• Researchers in Indonesia are breeding a species of mosquito which carries a type of bacteria, called Wolbachia, that prevents viruses like dengue from growing inside them.
  • Results show that deploying mosquitoes with Wolbachia reduced dengue cases by as much as 77% and hospitalizations by up to 86%.

Researchers in Indonesia have found a way to fight disease-bearing mosquitoes by breeding a species of the insect which carries a kind of bacteria that prevents viruses like dengue from growing inside them.

Wolbachia is a common bacteria that occurs naturally in 60% of insect species, including some mosquitoes, fruit flies, moths, dragonflies and butterflies. It is not, however, found in dengue-carrying Aedes aegypti mosquitoes, according to non-profit World Mosquito Program (WMP), which initiated the research.

a map showing where dengue fever infections take place
Dengue fever is prevalent in many countries.
Image: Our World In Data

"In principle we are breeding the 'good' mosquitoes," said Purwanti, a WMP community cadre. "The mosquitoes carrying dengue will mate with mosquitoes carrying Wolbachia, which will produce Wolbachia mosquitoes - the 'good' mosquitoes. So even if they bite people, it won't affect them".

Since 2017, a joint study conducted by WMP at Australia's Monash University and Indonesia's Gadjah Mada University has been releasing lab-bred Wolbachia mosquitoes across a few dengue fever 'red zones' in the Indonesian city of Yogyakarta.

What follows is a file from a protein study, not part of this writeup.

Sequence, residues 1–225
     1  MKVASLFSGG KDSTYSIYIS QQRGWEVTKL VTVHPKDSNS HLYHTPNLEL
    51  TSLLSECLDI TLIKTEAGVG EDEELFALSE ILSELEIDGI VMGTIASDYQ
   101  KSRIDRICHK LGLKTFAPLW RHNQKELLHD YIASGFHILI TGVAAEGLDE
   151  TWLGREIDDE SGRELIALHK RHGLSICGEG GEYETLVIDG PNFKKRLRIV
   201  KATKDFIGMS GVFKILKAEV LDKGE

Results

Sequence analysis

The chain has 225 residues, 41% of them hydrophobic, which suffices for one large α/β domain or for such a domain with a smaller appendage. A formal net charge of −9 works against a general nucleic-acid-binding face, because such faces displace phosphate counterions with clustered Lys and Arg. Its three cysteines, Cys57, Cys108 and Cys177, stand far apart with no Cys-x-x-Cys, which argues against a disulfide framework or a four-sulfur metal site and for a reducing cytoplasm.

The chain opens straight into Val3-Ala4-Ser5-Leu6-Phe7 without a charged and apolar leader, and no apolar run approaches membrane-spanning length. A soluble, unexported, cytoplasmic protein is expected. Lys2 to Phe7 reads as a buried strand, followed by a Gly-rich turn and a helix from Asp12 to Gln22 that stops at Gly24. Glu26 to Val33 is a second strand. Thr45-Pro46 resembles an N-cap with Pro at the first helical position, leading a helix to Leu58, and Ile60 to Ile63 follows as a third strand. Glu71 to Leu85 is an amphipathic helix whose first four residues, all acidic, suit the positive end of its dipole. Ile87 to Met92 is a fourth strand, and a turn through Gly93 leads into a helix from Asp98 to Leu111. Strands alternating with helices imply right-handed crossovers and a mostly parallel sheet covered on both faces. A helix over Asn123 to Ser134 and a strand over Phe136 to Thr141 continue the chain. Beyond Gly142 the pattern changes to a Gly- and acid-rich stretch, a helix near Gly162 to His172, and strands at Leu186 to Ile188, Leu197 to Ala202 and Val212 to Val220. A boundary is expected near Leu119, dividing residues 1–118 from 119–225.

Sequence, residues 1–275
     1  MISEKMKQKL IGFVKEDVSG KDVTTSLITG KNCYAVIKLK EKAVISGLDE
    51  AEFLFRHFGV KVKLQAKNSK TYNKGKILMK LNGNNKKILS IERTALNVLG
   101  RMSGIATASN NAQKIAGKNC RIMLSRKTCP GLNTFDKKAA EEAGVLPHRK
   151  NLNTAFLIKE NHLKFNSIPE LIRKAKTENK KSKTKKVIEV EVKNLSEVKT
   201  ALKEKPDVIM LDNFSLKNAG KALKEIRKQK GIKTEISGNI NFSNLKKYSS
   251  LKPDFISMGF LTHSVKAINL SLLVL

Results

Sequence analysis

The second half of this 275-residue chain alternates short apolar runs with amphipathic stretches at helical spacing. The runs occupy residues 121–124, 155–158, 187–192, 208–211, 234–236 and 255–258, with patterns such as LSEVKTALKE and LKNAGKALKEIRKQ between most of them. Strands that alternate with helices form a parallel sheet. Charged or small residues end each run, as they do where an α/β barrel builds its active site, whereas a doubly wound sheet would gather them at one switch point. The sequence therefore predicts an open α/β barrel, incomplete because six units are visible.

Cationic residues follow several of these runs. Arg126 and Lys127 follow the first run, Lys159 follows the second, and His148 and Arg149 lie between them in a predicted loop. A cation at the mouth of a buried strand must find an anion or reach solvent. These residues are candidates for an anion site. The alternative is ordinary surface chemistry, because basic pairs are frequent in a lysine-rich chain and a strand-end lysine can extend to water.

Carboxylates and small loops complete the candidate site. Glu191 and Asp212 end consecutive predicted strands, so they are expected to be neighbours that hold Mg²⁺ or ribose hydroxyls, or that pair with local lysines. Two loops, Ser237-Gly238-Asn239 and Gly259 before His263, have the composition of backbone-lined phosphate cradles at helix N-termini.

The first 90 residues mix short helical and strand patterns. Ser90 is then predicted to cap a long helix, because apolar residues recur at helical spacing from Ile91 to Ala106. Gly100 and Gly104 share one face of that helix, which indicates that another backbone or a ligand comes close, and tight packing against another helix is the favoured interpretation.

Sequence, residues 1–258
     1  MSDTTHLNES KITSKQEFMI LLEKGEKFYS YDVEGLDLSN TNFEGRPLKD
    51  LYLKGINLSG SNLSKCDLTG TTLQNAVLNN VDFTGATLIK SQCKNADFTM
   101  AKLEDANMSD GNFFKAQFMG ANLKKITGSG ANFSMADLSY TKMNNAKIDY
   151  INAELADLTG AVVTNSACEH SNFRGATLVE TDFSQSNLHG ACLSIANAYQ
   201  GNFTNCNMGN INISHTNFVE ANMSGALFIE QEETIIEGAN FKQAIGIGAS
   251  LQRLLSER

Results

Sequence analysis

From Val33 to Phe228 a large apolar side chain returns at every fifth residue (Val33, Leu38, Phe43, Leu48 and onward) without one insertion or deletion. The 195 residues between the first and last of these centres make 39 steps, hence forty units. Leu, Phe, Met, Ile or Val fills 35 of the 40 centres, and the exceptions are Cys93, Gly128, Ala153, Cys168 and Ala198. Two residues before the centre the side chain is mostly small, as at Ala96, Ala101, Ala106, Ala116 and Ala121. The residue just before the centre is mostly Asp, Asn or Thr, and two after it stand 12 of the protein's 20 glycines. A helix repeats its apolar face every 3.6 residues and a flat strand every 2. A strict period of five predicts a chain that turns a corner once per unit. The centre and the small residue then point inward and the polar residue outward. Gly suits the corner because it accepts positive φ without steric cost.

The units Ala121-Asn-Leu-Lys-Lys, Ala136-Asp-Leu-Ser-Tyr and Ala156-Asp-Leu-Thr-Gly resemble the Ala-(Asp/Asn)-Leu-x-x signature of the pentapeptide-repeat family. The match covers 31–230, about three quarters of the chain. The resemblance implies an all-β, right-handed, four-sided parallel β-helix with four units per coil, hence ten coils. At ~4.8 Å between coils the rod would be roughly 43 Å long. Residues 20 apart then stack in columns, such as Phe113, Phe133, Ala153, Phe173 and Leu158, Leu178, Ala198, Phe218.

A volunteer of the World Mosquitoes Program (WMP) shows the Wolbachia mosquito eggs and its foods in a hatchery bucket
Mosquito eggs inside a bucket in Indonesia.
Image: REUTERS/Dwi Oblo
Heti Varyani, a 44-year-old local, hangs a bucket containing Wolbachia mosquito eggs outside her house
A local hanging a bucket of mosquito eggs outisde.
Image: REUTERS/Dwi Oblo
Volunteers of the World Mosquitoes Program (WMP) check the Wolbachia mosquito hatchery bucket at a house
Volunteers looking at a bucket with mosquito egss.
Image: REUTERS/Dwi Oblo

The trial results, published by the New England Journal of Medicine in June, showed that deploying mosquitoes with Wolbachia reduced dengue cases by as much as 77% and hospitalisations by up to 86%.

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"We're confident in this technology, particularly for areas where the Aedes aegypti mosquito is the most responsible (infection) factor," WMP lead researcher Adi Utarini, who has been working on Indonesia's Eliminate Dengue Program since 2011, told Reuters.

According to the World Health Organization (WHO), global dengue infections have risen rapidly in recent decades, with about half of the world's population now at risk. An estimated 100-400 million infections are reported every year.

"All three of my children have been infected with dengue and hospitalised ... It's always on my mind, thinking about how to keep my village healthy and clean," said 62-year-old Sri Purwaningsih, whose family volunteered for the WMP programme.